Books in the Queue

I always have a giant stack of books waiting to be read — the part of The Matrix I coveted the most was the process of downloading entire books directly into the cerebelum in about 3 seconds.

Until that technology is perfected, these will be awaiting when precious time gets freed up to plow thru them.

Over the long weekend, I did start Ken Fisher’s The Only Three Questions That Count.

And I got a Festivus present from Donna at CNBC — 3 books that look intriguing (and in all liklihood that I will only get around to skimming): Don Tapscott’s Wikinomics: How Mass Collaboration Changes Everything looks really intriguing. So many firms from Amazon to Zillow now rely on user generated content. 

Tim Harford writes the Undercover Economist column for FT. Not surprisingly, his first book is called The Undercover Economist.

Finally, the book many people will feel obligated to read (but won’t) Nobel prize-winner Joseph E. Stiglitz’ Making Globalization Work. I suspect it will be economic’s answer to Stephen Hawking’s A Brief History of Time (bought by many, read by few).

Anyway, here’s what clogging up the queue:

* Sigh *   So many pages, so little time.

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What's been said:

Discussions found on the web:
  1. Norman commented on Jan 2

    The problem with non-fiction books, especially financial ones, is that they could be whittled down to a medium-sized magazine article and lose nothing.

  2. Barry Ritholtz commented on Jan 2

    You just revealed Malcolm Gladwell’s secret — he takes his own very interesting New Yorker magazine articles, and expands them into full length non fiction books

  3. ~ Nona commented on Jan 2

    There are newsletter publications that exist to do one thing only: precis good books for busy professionals and managers.

    There are often just a few really worthwhile, useful nuggets in a big book. I find that if the Readers Digest versions select and condense intelligently, one enjoys a really good bang for the buck.

  4. bodanker commented on Jan 2

    Barry (and/or anyone else),

    What are your thoughts on Evidence-Based Technical Analysis by David Aronson? It looks compelling, however I’d rather look over it before I buy it – but I can’t find a bookstore that has it in stock.


  5. Mathieu commented on Jan 2

    The Undercover Economist is a great book to read on the beach (in a freakonomics kind of way) but falls short of expectations, imho.

    I cannot agree more on the theory that nonfiction business books are lenghty for the sake of being lenghty (worst exemple ever: The influentials, and 80% of marketing books), however if you buy best-ofs or compilations you get more bang for your eye-balls time and for your buck… best exemple Market Wizards, The essential Drucker, the rediscovered ben graham, etc.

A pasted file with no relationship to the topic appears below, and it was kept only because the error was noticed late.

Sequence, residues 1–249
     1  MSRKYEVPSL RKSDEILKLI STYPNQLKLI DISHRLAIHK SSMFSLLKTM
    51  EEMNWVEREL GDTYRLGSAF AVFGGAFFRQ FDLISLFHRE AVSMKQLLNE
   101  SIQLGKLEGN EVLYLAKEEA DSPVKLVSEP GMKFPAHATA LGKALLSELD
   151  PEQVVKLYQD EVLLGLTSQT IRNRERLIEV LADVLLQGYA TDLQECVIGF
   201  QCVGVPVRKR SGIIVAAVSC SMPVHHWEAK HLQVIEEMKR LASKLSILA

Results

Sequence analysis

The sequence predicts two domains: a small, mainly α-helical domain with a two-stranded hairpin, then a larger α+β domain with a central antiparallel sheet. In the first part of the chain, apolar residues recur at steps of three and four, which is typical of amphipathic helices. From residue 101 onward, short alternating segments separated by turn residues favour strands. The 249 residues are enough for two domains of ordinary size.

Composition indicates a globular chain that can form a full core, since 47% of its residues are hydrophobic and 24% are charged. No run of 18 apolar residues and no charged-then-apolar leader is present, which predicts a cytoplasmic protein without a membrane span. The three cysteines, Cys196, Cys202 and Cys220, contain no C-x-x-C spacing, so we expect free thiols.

6. m3 commented on Jan 3

    the ken fisher book looks very interesting.

    he gave an interview about it on the financial sense newshour.

    here’s a link for those who are interested.

    some of the highlights:

    -stocks DO NOT rise and fall with oil prices

    -high p/e stocks are not necessarily dangerous; people should focus on earnings yield instead

    -the us inverted yield curve is less important than a global inverted yield curve

    -growth and value do just as well each other, in the long run; their outperformance relative to the market is cyclical in nature

    -leading economic indicators and gov’t economic data are inaccurate at best (something barry co-signs almost everyday.)

    he’s got some really fascinating observations.

  7. curmudgeonly troll commented on Jan 3

    Big shout-out to David Swenson’s Unconventional Success.

    Emphasis on asset allocation and the perils of active mutual funds. Joins Intelligent Investor, the Buffett Books, Money Masters, and Trading Wizards on the all-time great books.

  8. VennData commented on Jan 3

    The beauty of Swenson’s book is everything you need to know is in the first, two-page chapter.

    His methods are wonderful; simple in execution yet complex and richly supported ( in the remaining 98% of the book.) I follow his formula except:

    TIPs instead of Treasuries
    I’m out of REITs completely
    A bit more cash
    Less US equity with more foreign (double his EM allocation)
    A small smattering of open ended funds Tweedy Browne, Hussman, Wintergreen.

    The problem I have with all financial books is they never address the problem of investing a lump sum with any intellectuel rigor. What is the optimal time frame to allocate out of cash? …into the various asset classes?

    Also, ‘Fooled by Randomness’ is a must…

  9. Bluzer commented on Jan 4

    I agree – most investment/business books, even the best intentioned ones, tend to be too long. One exception is ‘Freakonomics’ Its more statistical than economic – but a great read nonetheless. A non-fiction Ken Follet thriller – without the empty calories. Write On!

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